Australian newspaper apologizes for 'anti-Semitic’ cartoon
The Sydney Morning Herald acknowledges image’s resemblance to cartoons of Nazi Germany, after Jewish groups threaten legal action.
An Australian newspaper has apologized for causing “distress” among readers over a cartoon criticized as being anti-Semitic.
The cartoon, drawn by Glen Le Lievre to illustrate an opinion article in The Sydney Morning Herald, depicts an old man with a large hook nose, sitting on a chair marked with the Star of David, wearing a kippah and holding a remote control in his hand as he watches explosions in Gaza.
The newspaper, published by Fairfax Media, said a “strong view was expressed” that the cartoon “closely resembled illustrations that had circulated in Nazi Germany.”
“The Herald now appreciates that, in using the Star of David and the kippah in the cartoon, the newspaper invoked an inappropriate element of religion, rather than nationhood, and made a serious error of judgment,” its editors wrote in Monday’s edition. “It was wrong to publish the cartoon in its original form. We apologize unreservedly for this lapse, and the anguish and distress that has been caused.”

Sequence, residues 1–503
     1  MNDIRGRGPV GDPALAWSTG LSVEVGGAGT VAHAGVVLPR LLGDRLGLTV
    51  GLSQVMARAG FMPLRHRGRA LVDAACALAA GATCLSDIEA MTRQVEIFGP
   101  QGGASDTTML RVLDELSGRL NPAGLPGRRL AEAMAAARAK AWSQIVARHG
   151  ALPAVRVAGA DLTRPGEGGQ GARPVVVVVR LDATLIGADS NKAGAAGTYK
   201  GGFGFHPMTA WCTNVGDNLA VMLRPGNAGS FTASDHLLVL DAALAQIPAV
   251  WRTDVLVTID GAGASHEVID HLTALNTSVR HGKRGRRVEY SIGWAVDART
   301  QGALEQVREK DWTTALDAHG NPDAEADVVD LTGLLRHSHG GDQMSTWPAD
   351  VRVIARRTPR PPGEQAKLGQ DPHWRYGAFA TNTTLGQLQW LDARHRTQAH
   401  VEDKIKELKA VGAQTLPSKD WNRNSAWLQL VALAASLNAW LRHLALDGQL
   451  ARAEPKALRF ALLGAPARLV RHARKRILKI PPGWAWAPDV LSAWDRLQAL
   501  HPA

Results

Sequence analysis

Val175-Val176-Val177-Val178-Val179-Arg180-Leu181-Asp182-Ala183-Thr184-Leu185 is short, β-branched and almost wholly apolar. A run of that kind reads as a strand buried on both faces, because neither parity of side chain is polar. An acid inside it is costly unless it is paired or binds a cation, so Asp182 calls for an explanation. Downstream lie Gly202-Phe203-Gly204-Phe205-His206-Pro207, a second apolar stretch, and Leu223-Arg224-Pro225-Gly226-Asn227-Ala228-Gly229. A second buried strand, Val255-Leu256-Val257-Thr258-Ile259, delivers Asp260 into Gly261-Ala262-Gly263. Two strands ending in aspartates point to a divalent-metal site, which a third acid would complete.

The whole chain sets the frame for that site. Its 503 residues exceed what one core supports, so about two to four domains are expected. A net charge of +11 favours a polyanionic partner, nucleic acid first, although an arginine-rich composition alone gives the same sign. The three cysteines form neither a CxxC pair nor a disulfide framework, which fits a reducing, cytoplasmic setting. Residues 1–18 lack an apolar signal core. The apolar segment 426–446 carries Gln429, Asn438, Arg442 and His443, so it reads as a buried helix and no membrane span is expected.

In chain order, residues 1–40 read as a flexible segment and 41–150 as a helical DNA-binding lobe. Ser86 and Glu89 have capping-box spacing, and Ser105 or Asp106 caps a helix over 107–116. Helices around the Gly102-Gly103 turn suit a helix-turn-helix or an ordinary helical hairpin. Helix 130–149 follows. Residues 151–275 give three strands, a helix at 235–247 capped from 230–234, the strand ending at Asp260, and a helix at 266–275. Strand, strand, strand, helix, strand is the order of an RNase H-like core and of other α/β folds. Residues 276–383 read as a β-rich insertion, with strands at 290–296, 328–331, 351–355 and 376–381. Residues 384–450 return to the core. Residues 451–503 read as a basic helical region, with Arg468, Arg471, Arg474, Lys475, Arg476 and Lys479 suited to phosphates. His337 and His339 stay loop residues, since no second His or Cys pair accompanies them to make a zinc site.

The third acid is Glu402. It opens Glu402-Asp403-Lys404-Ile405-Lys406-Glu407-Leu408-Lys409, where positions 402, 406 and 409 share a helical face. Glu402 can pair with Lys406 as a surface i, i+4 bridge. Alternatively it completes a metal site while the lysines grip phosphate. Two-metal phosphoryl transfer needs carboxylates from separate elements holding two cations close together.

Jewish leaders had threatened legal action if the daily did not publish an apology for the July 26 cartoon.
Hours before the apology was issued, an estimated 5,000 pro-Israel supporters filled a suburban Sydney park on Sunday, while a “flash mob” of Jewish youth simulated a 15-second siren in the heart of Melbourne.
The park near Bondi Beach was a sea of Israeli and Australian flags mixed with dozens of placards, including “Israel has no choice” and “Stop the rockets.”
Some of the Australian media had failed to guard against “biased, distorted, inaccurate and simply erroneous coverage and commentary,” Robert Goot, president of the Executive Council of Australian Jewry, said at the park rally. He also told the crowd that the cartoon was “unquestionably anti-Semitic.”
In Melbourne, up to 500 Jews hit the ground as a siren went off in Federation Square. The protest was inspired by a similar stunt last month in Vienna, according to Asher Kozma, the head of the Betar movement in Melbourne.
“We were trying to give Australian people an idea of what it’s like to live in Israel,” Kozma said.
Also Sunday, several hundred people joined a pro-Israel rally in Brisbane, according to reports.